In Latin America, leadership styles should be very human because the people here connect differently. It’s difficult for Latin Americans to just go from 9:00 to 5:00. You want to work and build and have friends and celebrate birthdays. 

We find many young people looking for a job that’s interesting to have because, in some other geographies, you don’t find that kind of energy. We tend to adapt faster because we have been living in crisis with economic and political issues that are not prevalent in richer countries. We learn to adapt to challenging circumstances, and we find a way to survive. 

RIX: We know that the Mexican government is considering legislation that could impact your business. How do you approach this type of challenge? As a major employer in Mexico, how do you view your role in working with the Mexican government to ensure the best possible outcomes for your employees and your business? How do you manage that?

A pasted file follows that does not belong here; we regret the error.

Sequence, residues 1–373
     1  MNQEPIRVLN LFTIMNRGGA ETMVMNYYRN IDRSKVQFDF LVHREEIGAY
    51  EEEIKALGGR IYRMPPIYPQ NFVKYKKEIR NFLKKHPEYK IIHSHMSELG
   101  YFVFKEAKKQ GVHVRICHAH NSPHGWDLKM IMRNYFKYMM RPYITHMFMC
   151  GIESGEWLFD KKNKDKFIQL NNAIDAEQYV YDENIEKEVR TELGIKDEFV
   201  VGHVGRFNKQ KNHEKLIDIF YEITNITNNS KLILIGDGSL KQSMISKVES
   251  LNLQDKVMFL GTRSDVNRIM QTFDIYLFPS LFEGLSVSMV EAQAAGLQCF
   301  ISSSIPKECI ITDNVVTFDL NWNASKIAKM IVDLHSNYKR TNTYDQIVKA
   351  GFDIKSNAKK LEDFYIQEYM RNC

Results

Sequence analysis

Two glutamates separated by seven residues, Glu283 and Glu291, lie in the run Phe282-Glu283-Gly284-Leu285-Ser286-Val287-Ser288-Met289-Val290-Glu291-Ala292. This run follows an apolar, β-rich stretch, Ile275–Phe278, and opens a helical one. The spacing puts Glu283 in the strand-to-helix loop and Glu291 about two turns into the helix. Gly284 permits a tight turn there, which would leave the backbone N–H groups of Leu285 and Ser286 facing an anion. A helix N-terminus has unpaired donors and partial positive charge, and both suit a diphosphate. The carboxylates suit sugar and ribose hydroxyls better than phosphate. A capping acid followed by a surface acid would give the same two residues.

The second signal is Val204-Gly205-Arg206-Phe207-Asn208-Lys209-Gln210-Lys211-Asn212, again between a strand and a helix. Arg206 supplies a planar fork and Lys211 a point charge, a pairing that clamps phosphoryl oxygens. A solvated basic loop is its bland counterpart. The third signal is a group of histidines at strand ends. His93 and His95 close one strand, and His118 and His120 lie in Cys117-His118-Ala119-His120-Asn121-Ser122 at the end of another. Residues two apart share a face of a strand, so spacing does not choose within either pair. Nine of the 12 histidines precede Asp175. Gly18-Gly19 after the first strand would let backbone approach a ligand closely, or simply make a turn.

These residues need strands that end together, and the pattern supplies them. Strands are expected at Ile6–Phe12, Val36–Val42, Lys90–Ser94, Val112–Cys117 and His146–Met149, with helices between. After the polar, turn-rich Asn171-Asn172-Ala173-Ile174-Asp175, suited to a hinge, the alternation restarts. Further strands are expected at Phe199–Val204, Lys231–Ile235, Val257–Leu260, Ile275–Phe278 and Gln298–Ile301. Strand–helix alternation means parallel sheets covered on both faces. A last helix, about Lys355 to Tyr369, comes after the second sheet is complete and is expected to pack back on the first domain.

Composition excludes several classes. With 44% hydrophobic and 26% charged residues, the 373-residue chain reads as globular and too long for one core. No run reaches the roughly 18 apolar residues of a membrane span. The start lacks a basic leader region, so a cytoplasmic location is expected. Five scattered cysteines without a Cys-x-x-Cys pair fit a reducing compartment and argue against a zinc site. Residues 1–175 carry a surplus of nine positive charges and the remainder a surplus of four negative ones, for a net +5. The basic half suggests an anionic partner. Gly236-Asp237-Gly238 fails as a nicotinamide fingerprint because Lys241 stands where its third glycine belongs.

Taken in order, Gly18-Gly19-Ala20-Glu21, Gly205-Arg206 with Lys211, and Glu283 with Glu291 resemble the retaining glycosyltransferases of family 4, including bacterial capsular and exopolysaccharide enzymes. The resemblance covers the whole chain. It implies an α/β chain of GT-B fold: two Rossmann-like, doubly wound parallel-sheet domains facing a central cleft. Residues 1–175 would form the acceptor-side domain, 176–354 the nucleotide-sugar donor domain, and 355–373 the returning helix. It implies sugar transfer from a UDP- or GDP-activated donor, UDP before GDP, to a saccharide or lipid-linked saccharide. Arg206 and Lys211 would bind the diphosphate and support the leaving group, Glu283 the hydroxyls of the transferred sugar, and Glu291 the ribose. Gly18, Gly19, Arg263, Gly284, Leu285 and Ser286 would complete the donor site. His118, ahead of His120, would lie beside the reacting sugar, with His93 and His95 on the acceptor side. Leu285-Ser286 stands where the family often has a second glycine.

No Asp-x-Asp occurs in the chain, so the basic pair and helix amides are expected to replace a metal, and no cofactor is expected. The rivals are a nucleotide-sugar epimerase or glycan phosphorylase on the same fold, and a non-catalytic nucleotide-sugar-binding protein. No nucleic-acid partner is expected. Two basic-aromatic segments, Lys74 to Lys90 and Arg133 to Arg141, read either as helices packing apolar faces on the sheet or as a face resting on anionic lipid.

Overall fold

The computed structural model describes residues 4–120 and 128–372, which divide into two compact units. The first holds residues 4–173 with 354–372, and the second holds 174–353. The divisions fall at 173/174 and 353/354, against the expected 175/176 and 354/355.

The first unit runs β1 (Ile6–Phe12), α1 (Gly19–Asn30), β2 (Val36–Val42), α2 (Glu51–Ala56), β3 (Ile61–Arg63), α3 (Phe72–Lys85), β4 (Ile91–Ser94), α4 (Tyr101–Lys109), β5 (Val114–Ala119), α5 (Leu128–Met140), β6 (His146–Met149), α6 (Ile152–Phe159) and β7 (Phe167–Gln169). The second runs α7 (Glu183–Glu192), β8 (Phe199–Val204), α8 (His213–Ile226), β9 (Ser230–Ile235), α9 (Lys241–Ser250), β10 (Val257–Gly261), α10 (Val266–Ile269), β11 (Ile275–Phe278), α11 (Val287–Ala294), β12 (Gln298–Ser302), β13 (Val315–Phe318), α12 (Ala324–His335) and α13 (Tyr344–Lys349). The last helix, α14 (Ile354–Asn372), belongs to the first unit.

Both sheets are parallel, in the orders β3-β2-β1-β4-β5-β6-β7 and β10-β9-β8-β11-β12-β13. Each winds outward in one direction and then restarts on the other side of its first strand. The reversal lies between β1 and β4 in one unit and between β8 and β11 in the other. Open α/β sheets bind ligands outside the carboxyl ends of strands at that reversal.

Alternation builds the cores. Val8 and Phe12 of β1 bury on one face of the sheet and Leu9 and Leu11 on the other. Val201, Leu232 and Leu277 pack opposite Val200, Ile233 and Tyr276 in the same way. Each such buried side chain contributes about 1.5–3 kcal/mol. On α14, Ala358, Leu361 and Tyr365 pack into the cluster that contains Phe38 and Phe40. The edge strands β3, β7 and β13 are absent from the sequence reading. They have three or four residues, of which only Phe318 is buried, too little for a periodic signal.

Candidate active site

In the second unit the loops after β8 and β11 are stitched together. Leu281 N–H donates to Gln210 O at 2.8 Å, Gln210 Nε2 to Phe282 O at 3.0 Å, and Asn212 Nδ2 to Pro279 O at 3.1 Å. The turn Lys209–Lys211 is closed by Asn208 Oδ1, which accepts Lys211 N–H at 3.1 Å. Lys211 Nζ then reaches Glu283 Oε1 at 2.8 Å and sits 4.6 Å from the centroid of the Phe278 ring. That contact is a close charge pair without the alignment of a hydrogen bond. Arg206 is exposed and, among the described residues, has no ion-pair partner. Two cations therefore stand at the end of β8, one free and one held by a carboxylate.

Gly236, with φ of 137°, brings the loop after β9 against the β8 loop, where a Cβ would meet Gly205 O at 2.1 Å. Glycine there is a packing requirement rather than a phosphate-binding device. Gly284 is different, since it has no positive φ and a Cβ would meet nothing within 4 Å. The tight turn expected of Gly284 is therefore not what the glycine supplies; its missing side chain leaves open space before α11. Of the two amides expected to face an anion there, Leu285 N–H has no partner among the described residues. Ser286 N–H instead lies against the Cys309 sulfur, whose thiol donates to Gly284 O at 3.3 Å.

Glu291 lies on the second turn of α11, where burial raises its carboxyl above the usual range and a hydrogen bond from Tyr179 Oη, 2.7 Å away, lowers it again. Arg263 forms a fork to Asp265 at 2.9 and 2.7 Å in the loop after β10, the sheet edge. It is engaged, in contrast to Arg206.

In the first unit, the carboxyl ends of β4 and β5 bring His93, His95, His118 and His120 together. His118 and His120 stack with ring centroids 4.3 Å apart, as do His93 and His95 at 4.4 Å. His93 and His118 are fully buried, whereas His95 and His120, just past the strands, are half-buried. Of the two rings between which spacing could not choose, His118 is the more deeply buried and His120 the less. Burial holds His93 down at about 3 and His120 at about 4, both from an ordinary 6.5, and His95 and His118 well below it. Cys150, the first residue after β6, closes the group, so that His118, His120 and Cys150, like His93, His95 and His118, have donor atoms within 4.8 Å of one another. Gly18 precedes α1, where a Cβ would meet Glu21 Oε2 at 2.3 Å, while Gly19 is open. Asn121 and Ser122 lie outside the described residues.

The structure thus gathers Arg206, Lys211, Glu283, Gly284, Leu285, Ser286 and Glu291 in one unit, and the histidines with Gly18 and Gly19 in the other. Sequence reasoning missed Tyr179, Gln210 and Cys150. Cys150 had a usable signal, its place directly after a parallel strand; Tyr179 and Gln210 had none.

Mónica Flores Barragán: I spent a lot of my time during the last months talking to authorities and to legislators because not all of them—some of them, but not all of them—understand the labor market because they haven’t been in a company creating jobs. Their view of the market is different.

We support that the market should be legislated. There’s a reason why that initiative is in place. In the past, a lot of people were evading taxes or paying low salaries, or they were not providing social security to their employees. That is wrong. We need to punish those practices, and we need to find the right balance with regulation.